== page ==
Seven Italian Postcards
Card 5: Moonbeams at the Columbarium

After a late dinner we made our way to the edge of the village, where a narrow street ended at the base of tall hills. A brick pathway rose from here, just beyond a small Carabinieri station, so we took it, walking ever higher past stonewalls and gardens, and an occasional small villa tucked behind sinister foliage, the dim doorbell button next to each gate glowing like an orange dime. The moon floated high overhead and shone nearly full, lighting our way into these hills of Monterosso, and as we walked the path got steeper, the landscape brighter, and our sense of dark adventure more strong. Our route followed switchbacks along the slope, always climbing, and we passed a long ruin of stonework that looked rather ancient, probably Roman. Its function was lost to us - granary? cistern? fort? - but it stood nevertheless, placid under moonlight, another reminder that I traveled in an old country whose secrets were rarely mine to claim.

As we walked higher the Mediterranean came into full view, its lunar pearlescence visible for miles, and we stopped on a promontory several hundred feet above the coast rail lines. From here, there was nothing but the sea between us and Gibraltar, and as we paused a trainload of boxcars clattered north through the station without stopping, and I watched it vanish into a tunnel hewn into solid cliff. "It's hard to believe, but not too long ago those trains carried people to the ovens," I said, then added: "Well, maybe not exactly here." - "Here, too, I'm afraid," my girlfriend said, sadly, perhaps not wanting to acknowledge the tragedy that had once infected this remarkable shoreline. Maybe I was wrong to conjure wartime on such a romantic stroll into the Ligurian uplands. After all, we had climbed far in our love, and I had journeyed a long way to this palm-licked moonlight. This act of kissing.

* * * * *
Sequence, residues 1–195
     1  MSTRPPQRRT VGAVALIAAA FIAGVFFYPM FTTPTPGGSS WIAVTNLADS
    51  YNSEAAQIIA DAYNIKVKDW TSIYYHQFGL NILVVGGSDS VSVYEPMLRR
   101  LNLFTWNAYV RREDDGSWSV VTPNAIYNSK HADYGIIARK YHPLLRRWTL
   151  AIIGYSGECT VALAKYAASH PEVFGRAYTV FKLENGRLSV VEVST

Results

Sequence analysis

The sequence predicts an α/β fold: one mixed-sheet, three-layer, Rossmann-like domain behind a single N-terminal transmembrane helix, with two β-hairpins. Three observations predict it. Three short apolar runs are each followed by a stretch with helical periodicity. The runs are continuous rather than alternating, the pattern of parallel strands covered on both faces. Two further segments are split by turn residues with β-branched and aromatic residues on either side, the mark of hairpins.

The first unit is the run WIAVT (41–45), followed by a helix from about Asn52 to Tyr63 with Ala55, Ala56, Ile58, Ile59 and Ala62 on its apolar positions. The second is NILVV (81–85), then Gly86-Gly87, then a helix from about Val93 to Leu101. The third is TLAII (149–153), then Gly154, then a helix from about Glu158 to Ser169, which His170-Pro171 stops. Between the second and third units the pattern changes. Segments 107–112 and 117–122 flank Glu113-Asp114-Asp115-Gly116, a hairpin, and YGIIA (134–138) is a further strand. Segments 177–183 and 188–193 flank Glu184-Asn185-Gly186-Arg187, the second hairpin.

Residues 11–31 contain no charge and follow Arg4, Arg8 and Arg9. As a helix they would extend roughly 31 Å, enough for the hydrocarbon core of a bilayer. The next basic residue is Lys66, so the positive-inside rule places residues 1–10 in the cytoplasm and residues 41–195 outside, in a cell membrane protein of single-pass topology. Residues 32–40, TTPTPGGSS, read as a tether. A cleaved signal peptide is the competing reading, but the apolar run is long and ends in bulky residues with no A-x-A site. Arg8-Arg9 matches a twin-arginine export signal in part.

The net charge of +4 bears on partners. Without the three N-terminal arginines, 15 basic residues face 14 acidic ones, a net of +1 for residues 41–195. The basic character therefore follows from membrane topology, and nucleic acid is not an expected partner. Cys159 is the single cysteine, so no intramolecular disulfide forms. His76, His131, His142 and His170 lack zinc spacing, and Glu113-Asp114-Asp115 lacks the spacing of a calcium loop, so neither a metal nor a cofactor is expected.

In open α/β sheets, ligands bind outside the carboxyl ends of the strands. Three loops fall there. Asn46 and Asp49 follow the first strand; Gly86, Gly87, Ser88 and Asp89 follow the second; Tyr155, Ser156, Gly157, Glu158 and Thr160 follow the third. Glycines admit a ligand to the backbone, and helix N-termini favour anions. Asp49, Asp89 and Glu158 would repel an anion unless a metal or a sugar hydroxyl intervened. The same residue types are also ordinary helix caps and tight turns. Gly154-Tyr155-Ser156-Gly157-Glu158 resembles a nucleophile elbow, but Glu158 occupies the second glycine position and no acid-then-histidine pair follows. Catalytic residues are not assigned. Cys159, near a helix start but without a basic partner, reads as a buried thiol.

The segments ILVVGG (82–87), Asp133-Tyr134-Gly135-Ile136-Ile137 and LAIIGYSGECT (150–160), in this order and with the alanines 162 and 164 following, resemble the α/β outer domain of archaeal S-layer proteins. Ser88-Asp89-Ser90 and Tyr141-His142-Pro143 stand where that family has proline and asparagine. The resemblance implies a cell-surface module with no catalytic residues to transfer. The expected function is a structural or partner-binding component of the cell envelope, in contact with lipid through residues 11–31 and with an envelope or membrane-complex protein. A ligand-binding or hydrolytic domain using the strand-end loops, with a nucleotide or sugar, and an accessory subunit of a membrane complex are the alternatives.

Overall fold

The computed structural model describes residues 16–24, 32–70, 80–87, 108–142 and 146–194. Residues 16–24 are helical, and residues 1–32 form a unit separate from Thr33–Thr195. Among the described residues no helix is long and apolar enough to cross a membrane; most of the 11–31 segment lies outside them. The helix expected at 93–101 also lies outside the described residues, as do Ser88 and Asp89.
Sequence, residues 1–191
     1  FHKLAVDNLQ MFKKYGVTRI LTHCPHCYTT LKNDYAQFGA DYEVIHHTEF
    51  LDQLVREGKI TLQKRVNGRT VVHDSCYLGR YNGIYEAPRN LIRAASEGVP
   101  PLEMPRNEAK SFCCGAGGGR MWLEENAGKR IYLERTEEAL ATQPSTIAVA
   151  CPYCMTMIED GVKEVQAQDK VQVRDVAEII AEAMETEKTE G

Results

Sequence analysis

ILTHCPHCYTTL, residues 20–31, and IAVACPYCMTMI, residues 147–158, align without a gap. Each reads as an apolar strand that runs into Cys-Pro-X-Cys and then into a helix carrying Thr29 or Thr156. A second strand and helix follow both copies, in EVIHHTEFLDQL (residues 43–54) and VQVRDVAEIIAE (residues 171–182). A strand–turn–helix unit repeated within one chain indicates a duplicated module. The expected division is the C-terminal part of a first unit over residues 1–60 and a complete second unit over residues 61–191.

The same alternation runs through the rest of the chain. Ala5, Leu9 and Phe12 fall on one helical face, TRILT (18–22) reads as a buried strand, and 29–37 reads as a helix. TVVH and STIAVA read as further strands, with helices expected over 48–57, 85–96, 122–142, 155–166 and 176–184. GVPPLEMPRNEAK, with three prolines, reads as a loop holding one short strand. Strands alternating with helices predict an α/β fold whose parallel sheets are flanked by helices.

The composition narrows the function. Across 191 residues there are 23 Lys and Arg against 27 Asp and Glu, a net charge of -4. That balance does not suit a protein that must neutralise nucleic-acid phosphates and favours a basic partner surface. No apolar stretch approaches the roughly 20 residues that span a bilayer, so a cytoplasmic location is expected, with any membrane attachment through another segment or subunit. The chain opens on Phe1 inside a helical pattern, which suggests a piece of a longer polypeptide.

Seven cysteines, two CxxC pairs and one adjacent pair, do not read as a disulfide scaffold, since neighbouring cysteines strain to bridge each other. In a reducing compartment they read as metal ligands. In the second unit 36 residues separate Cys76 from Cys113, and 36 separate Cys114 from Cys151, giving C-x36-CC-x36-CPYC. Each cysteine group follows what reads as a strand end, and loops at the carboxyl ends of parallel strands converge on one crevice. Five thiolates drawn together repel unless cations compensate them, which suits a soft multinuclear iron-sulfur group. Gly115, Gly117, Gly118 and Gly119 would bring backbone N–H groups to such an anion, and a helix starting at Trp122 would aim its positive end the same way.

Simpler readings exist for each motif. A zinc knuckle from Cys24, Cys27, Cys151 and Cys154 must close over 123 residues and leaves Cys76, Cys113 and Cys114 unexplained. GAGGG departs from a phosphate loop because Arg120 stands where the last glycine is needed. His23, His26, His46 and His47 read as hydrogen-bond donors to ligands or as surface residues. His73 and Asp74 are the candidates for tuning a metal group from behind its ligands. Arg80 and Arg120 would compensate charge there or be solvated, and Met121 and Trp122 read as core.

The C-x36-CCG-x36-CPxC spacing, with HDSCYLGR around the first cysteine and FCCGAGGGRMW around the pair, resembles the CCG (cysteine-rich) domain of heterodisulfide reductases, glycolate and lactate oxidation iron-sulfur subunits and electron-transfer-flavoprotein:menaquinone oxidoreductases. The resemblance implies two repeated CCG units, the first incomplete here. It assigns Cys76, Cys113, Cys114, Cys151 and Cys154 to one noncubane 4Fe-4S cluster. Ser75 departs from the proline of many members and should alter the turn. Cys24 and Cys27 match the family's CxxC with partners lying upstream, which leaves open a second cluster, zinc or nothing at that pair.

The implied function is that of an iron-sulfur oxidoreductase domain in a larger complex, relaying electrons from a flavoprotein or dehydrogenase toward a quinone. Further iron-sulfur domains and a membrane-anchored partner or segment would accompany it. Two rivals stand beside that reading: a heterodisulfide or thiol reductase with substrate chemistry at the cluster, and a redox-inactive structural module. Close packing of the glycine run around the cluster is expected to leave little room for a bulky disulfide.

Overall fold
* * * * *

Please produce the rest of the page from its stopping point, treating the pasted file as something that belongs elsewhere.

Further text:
Card 6: Famiglia Zamani

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